Government will use both firmness and compassion in dealing with the unrest in Kashmir even as it appears not averse to talks with separatists but not before violence comes to an end.
As Eid-ul Azha, slated for September 13, is approaching, the government expects the situation to improve as it has a feeling that people would like to celebrate the occasion, despite the strike call extended by separatists till September 16.
As the violence has still not abated, top government sources say that the state will assert itself against trouble makers while civilians will be treated with "compassion".
In this regard, the government is willing to provide the best medical care even to those injured in clashes with security forces. It also refuses to buy the theory of victim hood by trouble makers who first instigate violence and then claim sufferings because of retaliatory action by the security forces.
The dual strategy appears to be the government's approach amid demands for initiating a dialogue process with all stakeholders in the state.
On the external front, the government appears to be in no mood for a dialogue with Pakistan which, it is convinced, is "100 per cent" behind the current unrest in Kashmir and has taken a "complete U-turn" by injecting bitterness in the relations.
There is also no clarity on whether Prime Minister Narendra Modi will travel to Pakistan to attend the SAARC Summit in November, with the sources saying there is still time to decide on it.
There is an assessment in the government that Pakistan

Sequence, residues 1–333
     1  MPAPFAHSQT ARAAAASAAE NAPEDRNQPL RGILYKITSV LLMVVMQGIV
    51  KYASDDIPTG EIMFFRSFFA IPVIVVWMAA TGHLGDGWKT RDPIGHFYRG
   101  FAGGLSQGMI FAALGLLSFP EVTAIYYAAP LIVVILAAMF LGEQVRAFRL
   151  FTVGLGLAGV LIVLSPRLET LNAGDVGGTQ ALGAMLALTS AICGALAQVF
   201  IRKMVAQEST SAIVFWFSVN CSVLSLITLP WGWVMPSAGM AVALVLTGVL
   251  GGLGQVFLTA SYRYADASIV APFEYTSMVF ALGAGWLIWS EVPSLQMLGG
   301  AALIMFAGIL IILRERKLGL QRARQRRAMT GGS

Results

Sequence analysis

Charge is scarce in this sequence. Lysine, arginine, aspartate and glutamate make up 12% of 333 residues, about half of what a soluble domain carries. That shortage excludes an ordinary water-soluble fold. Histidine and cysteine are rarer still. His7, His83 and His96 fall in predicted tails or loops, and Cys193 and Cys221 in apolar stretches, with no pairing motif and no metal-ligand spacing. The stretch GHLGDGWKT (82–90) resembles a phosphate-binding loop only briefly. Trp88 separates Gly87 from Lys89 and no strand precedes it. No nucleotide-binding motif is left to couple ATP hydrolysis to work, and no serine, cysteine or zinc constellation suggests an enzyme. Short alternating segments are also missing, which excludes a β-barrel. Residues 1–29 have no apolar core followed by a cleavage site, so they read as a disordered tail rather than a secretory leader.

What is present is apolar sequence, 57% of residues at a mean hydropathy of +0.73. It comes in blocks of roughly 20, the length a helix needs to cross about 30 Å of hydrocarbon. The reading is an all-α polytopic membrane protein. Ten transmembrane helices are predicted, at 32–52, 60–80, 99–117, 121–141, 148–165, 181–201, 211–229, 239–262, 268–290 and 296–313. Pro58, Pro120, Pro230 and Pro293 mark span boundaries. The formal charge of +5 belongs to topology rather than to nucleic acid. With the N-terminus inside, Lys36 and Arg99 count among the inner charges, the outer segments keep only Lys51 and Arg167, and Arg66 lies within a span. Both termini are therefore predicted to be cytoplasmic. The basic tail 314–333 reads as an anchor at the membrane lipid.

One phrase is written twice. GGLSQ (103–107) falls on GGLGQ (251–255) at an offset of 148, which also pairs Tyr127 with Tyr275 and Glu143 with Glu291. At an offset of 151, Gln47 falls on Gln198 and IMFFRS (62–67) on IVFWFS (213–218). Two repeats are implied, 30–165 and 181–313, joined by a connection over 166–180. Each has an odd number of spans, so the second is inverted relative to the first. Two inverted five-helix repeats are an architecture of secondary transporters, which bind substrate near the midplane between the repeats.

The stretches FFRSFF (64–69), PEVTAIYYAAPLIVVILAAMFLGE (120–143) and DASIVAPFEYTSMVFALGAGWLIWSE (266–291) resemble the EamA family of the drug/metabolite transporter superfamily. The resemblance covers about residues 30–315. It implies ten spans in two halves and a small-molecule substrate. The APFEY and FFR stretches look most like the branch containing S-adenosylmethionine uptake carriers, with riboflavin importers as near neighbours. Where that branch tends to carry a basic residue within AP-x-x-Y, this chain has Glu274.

Prime Minister Nawaz Sharif, who had been cordial and warm in relations with Modi since his swearing-in two years back, has been weakened after Panama papers expose and increasing pressure from the all-powerful military.
This, they said, has compelled him to spew venom against India, which has come as a complete surprise.
As far as raking up of Balochistan is concerned, the sources said it was a deliberate policy of India to hit back at Pakistan over human rights issues.
India, they made it clear, has no intention of spreading terrorism there and its policy is limited to highlighting the human rights problems in the region where Pakistan is using tanks and air raids against its own people.
Seeking to give a perspective to the current situation in Kashmir, the sources in the government said there has to be a distinction between trouble makers and common civilians.
But the problem is that in a complete change from the earlier phases of trouble like in 2008 and 2010, there has been a transition from sufism to wahabi Islam, giving rise to fundamental elements.
The sources said the argument that stone pelters, who instigate violence, are not wrong but those trying to control the situation are in the wrong, a reference to security forces.
About separatists, who had a political constituency, the sources said there is a question mark now on their own space and politics. The government, however, is not averse to talking to the separatists, including Hurriyat Conference, once the cycle of violence ends and they show inclination towards dialogue, unlike the rebuff given to some MPs who recently tried to reach out to them by visiting them.
With regard to demands from even mainstream national political parties for dilution of the controversial Armed Forces Special Powers Act (AFSPA), the sources said there cannot be any compromise on this aspect as terrorists do not respect geography when it comes to their actions.
The state has to assert and cannot be seen as weak when it comes to the question of security, sovereignty and integrity, they said.
In this context, the sources noted that Burhan Wani, whose killing on July 8 triggered the current unrest, was a declared Hizbul Mujahideen commander carrying a reward announced by the previous UPA government.
The government cannot countenance the argument that he should not be killed because he was a big militant.
The sources noted that it has made repeated attempts for outreach, with Union Home Minister Rajnath Singh travelling thrice and the all-party delegation once to Kashmir.